Sheila Ford Hamp, principal owner of the Detroit Lions, spoke to Dave Brickett of the Detroit Free Press in October 2021 in the wake of an event honoring Lions Hall of Famer Calvin Johnson, where the fans loudly vented their frustrations with ownership. “Obviously, no one likes to be booed, but I totally understand it… And I’m as frustrated as the fans are and I appreciate their sentiment and hopefully what we’re trying to do here will turn to cheers one day.”
Hamp continued, reflecting her feelings about long-suffering and loyal Lions fans. “We do have fabulous fans as we all know and they’ve stuck with us forever through thick and thin, and a lot of thin. It’s been hard, so I agree. And this year (2021), it’s a rebuild, it’s painful. We knew it was going to be hard, but it’s hard to lose. No one likes to lose. I hate to lose, but we are working on things and I think we’ve got a good path.”
Tell the truth
Two years later, Hamp’s words echo the enthusiasm that Lions fans, just beginning their 66th year without a championship, are feeling now. The Lions started their season against the defending Super Bowl champs, the Kansas City Chiefs. The game marked the official season’s kickoff, indicating that not only fans believe the Honolulu Blue and Silver, but league officials do, too.
And the Lions delivered on the hype, downing the Chiefs 21-20. The game was a see-saw affair, but it is evident as it has been for the past couple of years, this team has no quit. It reflects the hard-nosed approach that head coach Dan Campbell brings to the team. As a former player – and one-time Lion – Campbell understands how to bring out the best in his players and coaches. As general manager, Brad Holmes is in his first job as GM, but he has drafted good players and positioned the team for future success.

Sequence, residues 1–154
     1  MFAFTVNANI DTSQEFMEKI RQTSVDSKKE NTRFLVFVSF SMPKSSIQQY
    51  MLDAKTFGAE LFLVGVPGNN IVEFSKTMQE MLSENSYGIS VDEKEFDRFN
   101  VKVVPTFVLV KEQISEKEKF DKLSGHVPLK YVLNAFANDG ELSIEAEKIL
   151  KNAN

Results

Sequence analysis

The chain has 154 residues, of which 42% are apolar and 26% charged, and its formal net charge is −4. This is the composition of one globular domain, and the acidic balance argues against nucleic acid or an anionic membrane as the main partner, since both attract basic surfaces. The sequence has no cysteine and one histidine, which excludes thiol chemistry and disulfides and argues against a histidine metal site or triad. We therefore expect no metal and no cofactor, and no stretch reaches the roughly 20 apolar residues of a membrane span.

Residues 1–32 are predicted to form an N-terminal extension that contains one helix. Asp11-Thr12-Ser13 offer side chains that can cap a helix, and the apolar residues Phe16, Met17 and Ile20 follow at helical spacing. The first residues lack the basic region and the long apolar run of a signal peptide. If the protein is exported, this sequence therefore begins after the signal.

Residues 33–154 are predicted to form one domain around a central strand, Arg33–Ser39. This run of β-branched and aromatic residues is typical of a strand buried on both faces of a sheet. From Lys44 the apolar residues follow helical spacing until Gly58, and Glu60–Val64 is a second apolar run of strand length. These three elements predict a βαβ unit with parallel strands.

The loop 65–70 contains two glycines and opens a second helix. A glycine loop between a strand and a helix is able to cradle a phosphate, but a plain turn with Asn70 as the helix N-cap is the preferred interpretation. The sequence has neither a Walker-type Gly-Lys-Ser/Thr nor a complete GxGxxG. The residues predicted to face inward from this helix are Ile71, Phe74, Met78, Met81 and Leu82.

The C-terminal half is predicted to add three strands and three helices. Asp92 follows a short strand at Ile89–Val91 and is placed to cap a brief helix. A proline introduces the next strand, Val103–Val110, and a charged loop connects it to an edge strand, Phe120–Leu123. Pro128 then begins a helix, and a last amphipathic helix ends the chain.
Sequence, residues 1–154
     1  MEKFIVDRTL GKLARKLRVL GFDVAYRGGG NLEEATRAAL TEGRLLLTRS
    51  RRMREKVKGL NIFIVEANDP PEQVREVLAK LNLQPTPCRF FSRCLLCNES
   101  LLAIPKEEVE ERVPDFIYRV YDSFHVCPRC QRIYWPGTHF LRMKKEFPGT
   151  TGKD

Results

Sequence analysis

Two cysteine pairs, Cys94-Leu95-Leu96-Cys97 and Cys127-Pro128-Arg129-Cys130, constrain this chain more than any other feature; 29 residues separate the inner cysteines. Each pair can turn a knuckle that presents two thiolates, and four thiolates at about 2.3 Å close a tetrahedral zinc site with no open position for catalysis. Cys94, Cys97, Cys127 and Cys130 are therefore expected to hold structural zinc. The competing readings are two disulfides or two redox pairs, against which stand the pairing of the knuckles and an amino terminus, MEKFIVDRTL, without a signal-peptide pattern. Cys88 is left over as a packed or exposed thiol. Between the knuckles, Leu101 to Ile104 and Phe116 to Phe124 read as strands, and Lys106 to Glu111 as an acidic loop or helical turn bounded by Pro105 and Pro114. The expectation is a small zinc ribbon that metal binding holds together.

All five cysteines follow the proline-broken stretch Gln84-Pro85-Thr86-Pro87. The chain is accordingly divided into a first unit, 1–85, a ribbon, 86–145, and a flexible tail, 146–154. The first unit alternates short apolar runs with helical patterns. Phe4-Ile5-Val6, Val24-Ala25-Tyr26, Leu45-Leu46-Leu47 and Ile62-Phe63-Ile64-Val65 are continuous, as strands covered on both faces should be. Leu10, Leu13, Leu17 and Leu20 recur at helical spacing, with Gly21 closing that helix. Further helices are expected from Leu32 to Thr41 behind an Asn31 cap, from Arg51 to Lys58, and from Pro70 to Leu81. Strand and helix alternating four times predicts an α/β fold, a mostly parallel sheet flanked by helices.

Hamp, however, has yet to receive her due. Sheila played varsity tennis for Yale, just like her father, William Clay Ford, the long-time owner of the Lions, who passed away in 2014. According to The Athletic, Sheila wanted to work for the NFL when she graduated in 1973, but was denied the opportunity due to her gender.
Hamp is not one to shy from the heat. “I think that would be a stupid thing to do is to hide because I really don’t feel like I need to hide,” she said. “It’s part of what I’m trying to change around here, which is the open, communicative culture and I’m part of it.” And the culture is changing.
After the Lions closed out last season with a win at Lambeau Field over the hated Green Bay Packers, Dan Campbell gave Hamp a big hug and shouted for all to her in the locker room. “I’m just telling you, I’m just freakin’ telling you — I’ve been around as a player and a coach in this league. We’ve got the best owner. Everything you could possibly need, every resource — she thinks about you guys all the time, man, she knows everything about you; she’s rock solid and as good as they come.”
We will know more about the team as the season unfolds, but one thing is sure: Sheila Ford Hamp is playing the proper role – guiding, supporting, leading. “She’s competitive,” added Campbell. “And, boy, she loves to win.” And it will take that kind of competitive drive to push the Lions forward this season and for seasons to come.